Thursday, November 06, 2008

Fern Oleta

I first met Fern when I was 17 years old. I had become smitten with her tall, lanky son. We had been dating just a short while when I was invited to dinner. I say dinner because that's what they called it. To me it was a feast. The table was filled with fresh vegetables, a big pot of chicken and dumplings, the requisite fresh onion, bread and butter, fresh sweet tea, and a pitcher of grape kool-aid.

Fern's husband was a farmer. He tilled the ground, and brought in fresh vegetables on a daily basis. Fern also worked full-time. She would come home at lunch every day and cook up a meal for munch and then return to work. She would then come home and fix an evening meal. Wow.

This was not something I had ever witnessed take place anywhere but my grandmother's house. It was part of Fern's life. Taking care of her family, working, and working hard. She did not work in a building, with air conditioning and desks, or a retail store (until later in her life), no Fern worked as a farm hand. She was born in Oklahoma, married at 14 and a half (mostly to escape raising her younger siblings) and moved to California with her husband in the mid-forties and began a life together that kept them working hard for nearly 50 years.

Fern began working in a potato shed. She cut potatoes for a living. Every day she stood for 9 hours in the same spot, cutting potatoes into pieces getting them ready to plant. After a few seasons of cutting potatoes, she added picking onions to the mix. While she was pregnant with her first son, she picked onions while 8 months pregnant. Then, when he was old enough he joined her in the fields harvests crops with his mom. Yes, very grapes of wrath here.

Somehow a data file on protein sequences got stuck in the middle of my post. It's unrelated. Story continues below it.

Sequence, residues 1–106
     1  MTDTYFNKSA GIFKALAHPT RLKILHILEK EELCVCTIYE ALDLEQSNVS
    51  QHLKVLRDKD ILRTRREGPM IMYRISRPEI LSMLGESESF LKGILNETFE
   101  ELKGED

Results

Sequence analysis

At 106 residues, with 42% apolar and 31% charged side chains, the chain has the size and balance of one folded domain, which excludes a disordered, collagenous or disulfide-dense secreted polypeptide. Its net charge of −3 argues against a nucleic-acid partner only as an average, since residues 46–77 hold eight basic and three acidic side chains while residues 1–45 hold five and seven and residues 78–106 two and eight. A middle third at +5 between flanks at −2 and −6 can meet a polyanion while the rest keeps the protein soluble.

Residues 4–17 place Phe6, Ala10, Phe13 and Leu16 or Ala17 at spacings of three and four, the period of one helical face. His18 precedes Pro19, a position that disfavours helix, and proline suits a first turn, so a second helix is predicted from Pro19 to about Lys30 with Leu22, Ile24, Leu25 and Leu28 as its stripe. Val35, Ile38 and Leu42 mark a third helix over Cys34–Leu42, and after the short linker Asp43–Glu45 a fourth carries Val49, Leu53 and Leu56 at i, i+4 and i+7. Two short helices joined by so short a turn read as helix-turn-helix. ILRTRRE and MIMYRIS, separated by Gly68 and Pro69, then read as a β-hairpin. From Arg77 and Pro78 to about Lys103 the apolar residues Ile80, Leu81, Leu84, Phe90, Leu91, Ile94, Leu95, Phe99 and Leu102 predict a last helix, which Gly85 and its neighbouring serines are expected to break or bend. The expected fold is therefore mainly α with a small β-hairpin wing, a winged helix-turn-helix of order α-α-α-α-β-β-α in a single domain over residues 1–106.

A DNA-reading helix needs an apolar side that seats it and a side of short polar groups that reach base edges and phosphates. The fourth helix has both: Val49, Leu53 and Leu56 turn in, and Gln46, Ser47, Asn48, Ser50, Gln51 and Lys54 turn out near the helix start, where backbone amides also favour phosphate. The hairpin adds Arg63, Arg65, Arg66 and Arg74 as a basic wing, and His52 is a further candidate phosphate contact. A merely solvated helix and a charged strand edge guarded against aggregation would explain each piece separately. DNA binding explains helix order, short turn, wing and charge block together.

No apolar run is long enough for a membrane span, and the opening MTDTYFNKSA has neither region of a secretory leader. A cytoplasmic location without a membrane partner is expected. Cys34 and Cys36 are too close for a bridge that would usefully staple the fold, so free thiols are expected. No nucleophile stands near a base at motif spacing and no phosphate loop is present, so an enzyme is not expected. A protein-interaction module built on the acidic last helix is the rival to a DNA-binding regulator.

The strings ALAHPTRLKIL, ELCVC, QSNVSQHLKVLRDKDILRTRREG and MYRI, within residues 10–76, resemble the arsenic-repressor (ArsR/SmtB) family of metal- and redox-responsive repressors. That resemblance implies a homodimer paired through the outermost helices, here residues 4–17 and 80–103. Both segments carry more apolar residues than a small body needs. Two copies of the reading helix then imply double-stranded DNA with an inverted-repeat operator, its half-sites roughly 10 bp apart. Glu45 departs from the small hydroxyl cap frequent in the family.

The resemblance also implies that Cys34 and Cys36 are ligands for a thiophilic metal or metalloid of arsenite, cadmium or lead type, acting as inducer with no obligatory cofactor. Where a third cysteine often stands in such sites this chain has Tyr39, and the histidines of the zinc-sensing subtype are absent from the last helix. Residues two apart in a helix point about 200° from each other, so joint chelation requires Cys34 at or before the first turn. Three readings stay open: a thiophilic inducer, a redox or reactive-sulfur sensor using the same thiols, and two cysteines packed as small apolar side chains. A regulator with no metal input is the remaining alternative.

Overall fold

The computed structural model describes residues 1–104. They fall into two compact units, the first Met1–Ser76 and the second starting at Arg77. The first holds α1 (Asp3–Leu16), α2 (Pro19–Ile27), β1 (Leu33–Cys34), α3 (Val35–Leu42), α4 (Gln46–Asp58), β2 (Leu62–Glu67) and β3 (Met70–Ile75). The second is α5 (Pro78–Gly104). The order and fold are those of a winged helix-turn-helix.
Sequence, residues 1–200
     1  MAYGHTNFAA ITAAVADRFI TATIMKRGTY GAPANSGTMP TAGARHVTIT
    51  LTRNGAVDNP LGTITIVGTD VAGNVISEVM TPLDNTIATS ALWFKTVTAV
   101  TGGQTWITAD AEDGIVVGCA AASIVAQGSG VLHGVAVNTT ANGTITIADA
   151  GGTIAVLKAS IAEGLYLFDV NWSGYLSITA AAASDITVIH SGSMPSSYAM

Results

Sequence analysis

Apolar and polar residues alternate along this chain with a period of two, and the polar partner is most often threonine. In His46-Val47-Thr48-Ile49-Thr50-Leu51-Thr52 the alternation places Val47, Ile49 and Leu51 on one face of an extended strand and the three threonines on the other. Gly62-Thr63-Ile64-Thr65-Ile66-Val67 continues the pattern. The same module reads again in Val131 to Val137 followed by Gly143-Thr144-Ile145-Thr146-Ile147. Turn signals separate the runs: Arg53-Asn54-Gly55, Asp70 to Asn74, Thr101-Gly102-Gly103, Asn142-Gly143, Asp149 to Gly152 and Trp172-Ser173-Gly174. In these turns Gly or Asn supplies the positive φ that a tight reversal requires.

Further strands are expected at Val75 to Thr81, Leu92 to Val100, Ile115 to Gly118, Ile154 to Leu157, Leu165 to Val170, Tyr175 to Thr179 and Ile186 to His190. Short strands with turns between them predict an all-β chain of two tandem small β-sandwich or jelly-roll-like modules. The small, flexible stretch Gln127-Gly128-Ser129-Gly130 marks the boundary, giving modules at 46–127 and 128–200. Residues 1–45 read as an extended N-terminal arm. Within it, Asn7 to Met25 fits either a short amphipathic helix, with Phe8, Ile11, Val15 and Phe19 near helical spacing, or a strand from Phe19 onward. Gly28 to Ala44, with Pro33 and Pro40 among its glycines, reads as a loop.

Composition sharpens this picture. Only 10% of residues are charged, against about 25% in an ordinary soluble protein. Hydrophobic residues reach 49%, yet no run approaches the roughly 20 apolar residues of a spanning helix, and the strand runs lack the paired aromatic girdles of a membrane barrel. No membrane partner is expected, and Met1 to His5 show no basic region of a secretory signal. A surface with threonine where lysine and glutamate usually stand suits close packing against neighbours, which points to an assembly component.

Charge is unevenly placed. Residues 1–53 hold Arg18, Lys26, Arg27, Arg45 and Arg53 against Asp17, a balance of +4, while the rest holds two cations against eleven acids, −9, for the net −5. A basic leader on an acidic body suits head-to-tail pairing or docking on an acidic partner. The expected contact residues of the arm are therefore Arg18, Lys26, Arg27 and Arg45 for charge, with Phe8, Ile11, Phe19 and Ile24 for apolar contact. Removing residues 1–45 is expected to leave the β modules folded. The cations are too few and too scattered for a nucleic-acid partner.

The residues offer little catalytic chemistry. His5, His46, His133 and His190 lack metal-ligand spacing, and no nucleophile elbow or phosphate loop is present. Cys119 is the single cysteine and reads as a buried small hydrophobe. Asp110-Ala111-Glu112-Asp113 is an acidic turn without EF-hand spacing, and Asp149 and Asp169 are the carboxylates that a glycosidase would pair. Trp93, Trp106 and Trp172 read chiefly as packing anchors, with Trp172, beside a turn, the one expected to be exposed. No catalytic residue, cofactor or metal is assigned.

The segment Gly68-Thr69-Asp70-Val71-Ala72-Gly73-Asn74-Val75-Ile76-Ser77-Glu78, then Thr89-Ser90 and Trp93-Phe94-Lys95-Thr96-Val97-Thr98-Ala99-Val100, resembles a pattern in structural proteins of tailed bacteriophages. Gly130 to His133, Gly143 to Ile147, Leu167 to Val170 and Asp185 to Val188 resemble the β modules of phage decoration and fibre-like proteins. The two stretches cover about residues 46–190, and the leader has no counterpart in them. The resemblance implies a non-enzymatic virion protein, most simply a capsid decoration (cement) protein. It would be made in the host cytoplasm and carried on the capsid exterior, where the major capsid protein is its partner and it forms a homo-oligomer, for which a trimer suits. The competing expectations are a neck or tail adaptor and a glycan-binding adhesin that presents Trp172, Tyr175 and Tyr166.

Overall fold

She moved on to the rose company where she spent days in the rose gardens budding roses. It amazed me that she spent so much time in the hot sun and still would go in at noon, cook, clean a bit and then return to the labor of the day only to come in at night and begin again. Her sons did not want for a thing. Between her and her husband they worked hard to provide for their family and put a roof over their heads.

That day I was invited to dinner, I was amazed at the meal presented. It was not for show, or to impress me, as I was only one girl her sons had brought home. I was welcomed and fed. The meal was delicious. I had never had anything so tasty in my life. Yes, I'd had frozen chicken and dumplings, gross representations of biscuits over cooked chicken, but never had anything I'd ever eaten before tasted so good. I was in heaven.

For years Fern tried to show me how to make a good pot of chicken and dumplings. You see I married her son. He liked them and so did I. Yet neither of us could replicate them! My daughters all ate them and loved them. Gramma Fern's dunklings were the best in the world! Finally someone had tried and was able to make them just like gramma's. The youngest one has finally mastered them and when she was here last weekend she a made a pot fo rall of us to enjoy.


2 cups all purpose flour
1 tablespoon baking powder
1 1/2 teaspoons salt
1 cup plus 2 tablespoons milk

Take one whole chicken and cover it with water to boil on low until fully cooked. I cooked mine for about 1 1/2 hours so it was really tender and made a good broth. Take the chicken out of the broth to cool. While cooling the chicken, combine all of the dry ingredients in a bowl ad mix well. Next add the milk. Mix gently together. Allow the dough to rest for about 5 minutes to allow the gluten to start working. Roll out to 1/4 inch thick and cut into strips. Bring the broth to a boil. Drop strips into the boiling broth. They will swell up at first and then start to shrink as they dissolve and make the yummy gravy. Right after you drop the dumplings into the broth bone the chicken shredding it into bite size pieces. Drop into the pot. Let it cook for about 20 minutes. Serve.
Add the milk
Lightly mix with your hand

Cutting into strips
cooked dumplings
Ready to eat